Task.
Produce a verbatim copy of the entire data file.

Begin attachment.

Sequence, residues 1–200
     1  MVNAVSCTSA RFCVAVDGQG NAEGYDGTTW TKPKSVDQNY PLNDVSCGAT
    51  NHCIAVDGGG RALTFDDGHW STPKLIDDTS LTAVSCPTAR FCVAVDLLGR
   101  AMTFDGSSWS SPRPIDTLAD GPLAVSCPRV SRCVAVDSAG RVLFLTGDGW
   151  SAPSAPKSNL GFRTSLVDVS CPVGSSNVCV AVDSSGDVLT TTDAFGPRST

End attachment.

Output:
Sequence, residues 1–200
     1  MVNAVSCTSA RFCVAVDGQG NAEGYDGTTW TKPKSVDQNY PLNDVSCGAT
    51  NHCIAVDGGG RALTFDDGHW STPKLIDDTS LTAVSCPTAR FCVAVDLLGR
   101  AMTFDGSSWS SPRPIDTLAD GPLAVSCPRV SRCVAVDSAG RVLFLTGDGW
   151  SAPSAPKSNL GFRTSLVDVS CPVGSSNVCV AVDSSGDVLT TTDAFGPRST